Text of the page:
Fix It, Don't Fear It

From the earliest age, we're taught that red means 'stop.' Yet for those who maintain modern high-voltage vehicle systems on gas-electric hybrid vehicles, that color these days is clearly orange.

Among drivers, technicians and emergency responders there is a lack of knowledge about these relatively new systems: How do I know when the car is on or not? Will I get zapped if I touch the wrong part? And what's with all these orange wires?

One place people go for the latest information and training is Midwest City, OK, home of the Electric Vehicle Center of Technology, where Dave Castiaux manages and instructs the Electric Vehicle Program.

Castiaux has worked with high-voltage systems in gas-electric hybrids since they arrived in the U.S. around 2000, and these days his mission is to educate people about these systems that seem to be growing in power by the day. He says when the hybrids first came out, the goal of consumers seemed to be good gas mileage, but in recent years he says that has been pushed aside by the drive for faster starts and more power—creating the need for increasingly higher-voltage batteries.

"Now we're getting vehicles with battery packs upwards of 500 volts and the car's actually operating as high as 650 and that may even go higher in the future," he says. "By having the high voltage, we've got the quick take-off we're all accustomed to from the stop, and that's what people want. We won't take anything less than what we're used to."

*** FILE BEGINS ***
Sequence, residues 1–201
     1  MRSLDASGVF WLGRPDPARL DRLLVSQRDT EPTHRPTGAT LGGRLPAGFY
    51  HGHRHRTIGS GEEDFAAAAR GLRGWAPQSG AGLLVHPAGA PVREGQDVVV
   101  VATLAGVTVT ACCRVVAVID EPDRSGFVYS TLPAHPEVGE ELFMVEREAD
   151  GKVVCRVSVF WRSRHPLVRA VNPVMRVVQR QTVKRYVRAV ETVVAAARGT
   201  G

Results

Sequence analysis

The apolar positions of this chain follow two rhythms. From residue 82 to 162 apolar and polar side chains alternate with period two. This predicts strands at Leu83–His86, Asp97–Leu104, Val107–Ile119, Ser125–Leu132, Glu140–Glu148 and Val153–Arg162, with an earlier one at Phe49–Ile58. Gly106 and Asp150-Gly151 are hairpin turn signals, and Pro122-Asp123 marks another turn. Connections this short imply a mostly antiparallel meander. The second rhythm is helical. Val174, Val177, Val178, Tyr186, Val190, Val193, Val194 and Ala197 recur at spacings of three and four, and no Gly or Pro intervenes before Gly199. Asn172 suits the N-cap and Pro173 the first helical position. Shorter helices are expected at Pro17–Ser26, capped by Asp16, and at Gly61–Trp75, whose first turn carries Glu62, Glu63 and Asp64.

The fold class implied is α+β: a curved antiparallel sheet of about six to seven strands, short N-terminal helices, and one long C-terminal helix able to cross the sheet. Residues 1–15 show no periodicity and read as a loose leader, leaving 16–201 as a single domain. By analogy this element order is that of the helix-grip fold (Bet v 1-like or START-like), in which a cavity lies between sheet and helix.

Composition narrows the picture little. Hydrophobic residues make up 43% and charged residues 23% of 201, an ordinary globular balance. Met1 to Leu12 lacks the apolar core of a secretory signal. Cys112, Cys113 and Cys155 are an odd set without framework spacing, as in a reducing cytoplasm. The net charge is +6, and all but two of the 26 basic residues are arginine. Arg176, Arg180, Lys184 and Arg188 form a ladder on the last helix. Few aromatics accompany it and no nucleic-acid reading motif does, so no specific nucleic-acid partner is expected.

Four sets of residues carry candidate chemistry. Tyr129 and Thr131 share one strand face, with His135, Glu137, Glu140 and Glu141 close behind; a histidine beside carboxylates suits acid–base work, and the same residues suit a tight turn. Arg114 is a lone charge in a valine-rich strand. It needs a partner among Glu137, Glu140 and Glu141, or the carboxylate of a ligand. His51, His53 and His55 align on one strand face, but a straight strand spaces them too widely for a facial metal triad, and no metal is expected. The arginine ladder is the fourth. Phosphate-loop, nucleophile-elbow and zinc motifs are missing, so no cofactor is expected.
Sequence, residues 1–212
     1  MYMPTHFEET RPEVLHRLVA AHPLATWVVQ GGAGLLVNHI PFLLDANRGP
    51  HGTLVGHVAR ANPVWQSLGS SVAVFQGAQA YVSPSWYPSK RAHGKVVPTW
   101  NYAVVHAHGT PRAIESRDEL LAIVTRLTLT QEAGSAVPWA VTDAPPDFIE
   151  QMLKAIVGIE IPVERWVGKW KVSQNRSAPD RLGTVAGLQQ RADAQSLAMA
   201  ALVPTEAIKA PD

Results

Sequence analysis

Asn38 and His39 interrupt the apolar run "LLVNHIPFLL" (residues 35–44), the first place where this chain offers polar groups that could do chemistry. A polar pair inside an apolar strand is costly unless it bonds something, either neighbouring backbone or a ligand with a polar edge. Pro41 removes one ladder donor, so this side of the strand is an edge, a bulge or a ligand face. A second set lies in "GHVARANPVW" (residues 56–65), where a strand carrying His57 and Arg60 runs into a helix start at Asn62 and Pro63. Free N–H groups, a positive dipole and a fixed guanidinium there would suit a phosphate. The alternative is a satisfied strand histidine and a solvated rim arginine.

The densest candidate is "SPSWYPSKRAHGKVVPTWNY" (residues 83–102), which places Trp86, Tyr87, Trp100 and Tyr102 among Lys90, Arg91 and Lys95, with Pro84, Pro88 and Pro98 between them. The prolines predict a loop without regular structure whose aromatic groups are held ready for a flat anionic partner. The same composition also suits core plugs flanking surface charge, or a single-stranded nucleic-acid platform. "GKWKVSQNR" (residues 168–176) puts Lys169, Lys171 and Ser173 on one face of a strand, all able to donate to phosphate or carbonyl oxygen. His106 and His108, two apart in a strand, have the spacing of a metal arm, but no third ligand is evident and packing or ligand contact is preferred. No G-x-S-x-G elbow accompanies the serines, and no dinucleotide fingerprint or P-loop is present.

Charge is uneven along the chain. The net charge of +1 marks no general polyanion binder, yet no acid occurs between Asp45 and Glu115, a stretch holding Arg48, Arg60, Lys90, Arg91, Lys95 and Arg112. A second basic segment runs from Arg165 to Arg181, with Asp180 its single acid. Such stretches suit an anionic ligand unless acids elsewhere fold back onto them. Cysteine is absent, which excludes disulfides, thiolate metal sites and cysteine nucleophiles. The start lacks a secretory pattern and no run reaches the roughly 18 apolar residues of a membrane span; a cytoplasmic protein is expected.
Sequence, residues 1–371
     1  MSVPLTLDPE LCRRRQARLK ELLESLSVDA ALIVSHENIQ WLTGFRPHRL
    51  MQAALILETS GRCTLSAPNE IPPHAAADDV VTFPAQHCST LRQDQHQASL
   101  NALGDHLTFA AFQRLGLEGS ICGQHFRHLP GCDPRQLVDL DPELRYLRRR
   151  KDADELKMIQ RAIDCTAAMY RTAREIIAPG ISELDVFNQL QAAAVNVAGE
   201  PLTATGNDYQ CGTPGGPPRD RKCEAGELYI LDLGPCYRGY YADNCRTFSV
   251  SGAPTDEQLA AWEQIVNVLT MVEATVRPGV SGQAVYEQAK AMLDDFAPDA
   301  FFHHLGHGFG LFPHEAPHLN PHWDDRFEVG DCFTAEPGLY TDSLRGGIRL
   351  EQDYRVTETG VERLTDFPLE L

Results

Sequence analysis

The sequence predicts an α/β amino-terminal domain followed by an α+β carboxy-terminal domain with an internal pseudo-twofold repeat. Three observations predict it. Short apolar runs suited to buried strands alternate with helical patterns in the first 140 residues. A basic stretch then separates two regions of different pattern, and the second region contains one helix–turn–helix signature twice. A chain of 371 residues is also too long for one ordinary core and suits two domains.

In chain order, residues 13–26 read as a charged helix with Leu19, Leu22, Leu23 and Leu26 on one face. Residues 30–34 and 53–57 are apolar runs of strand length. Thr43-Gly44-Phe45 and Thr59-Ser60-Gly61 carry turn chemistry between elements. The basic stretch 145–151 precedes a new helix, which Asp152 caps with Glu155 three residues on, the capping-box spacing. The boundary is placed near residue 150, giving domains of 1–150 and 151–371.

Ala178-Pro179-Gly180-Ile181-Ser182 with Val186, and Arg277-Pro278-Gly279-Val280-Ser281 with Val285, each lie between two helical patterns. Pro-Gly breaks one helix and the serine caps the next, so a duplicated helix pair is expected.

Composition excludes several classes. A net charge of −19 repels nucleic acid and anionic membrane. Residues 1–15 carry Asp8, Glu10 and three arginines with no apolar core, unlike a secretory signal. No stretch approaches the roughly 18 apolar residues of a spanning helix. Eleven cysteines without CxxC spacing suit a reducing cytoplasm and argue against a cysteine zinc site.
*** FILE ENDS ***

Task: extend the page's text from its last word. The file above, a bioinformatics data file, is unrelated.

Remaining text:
While some people like the fast getaway a higher voltage system provides, there can also be some fear about having high voltage wires running through their vehicle. Castiaux says that's natural and not necessarily bad, but through proper training, techs who work on these systems have to get over it.

"From day one when you get your first diaper put on your butt, you're conditioned to be very leery of electricity," he says. "When a lot of the automotive technicians find out they are going to be working on vehicles that operate up to 650 volts, they're leery of it. We've got to give them the tools, understanding and knowledge to be able to deal with these high-voltage systems. There is a lot to it—there are college courses dedicated just to understanding electric motors."


Breaking in hesitant techs on these new systems is a big part of Castiaux's job, but once he is able to explain how the systems work, he says their apprehension generally disappears.

"The manufacturers have done a great job building in safety," Castiaux says. "When you learn about (high-voltage systems) and what to be careful with and how to deal with them, most technicians we train are very happy they've gotten into hybrid vehicles. It's a new experience for them; it's a challenge."

Some technicians are hesitant about working on high-voltage hybrid systems because they are simply unfamiliar with them.

"Most of the people we get are strictly mechanics, and they've been mechanics all their lives and they haven't dealt a lot with electricity," he says. "Vehicles are becoming more sophisticated with electronics, but even all of that is handled with diagnostics—it tells you what part to replace and you replace it. I don't see (techs with) a lot of specialized (electrical) training."

What makes Castiaux's job more difficult is the number of hybrids entering the market and the lack of any real voltage standard, so he focuses on general knowledge.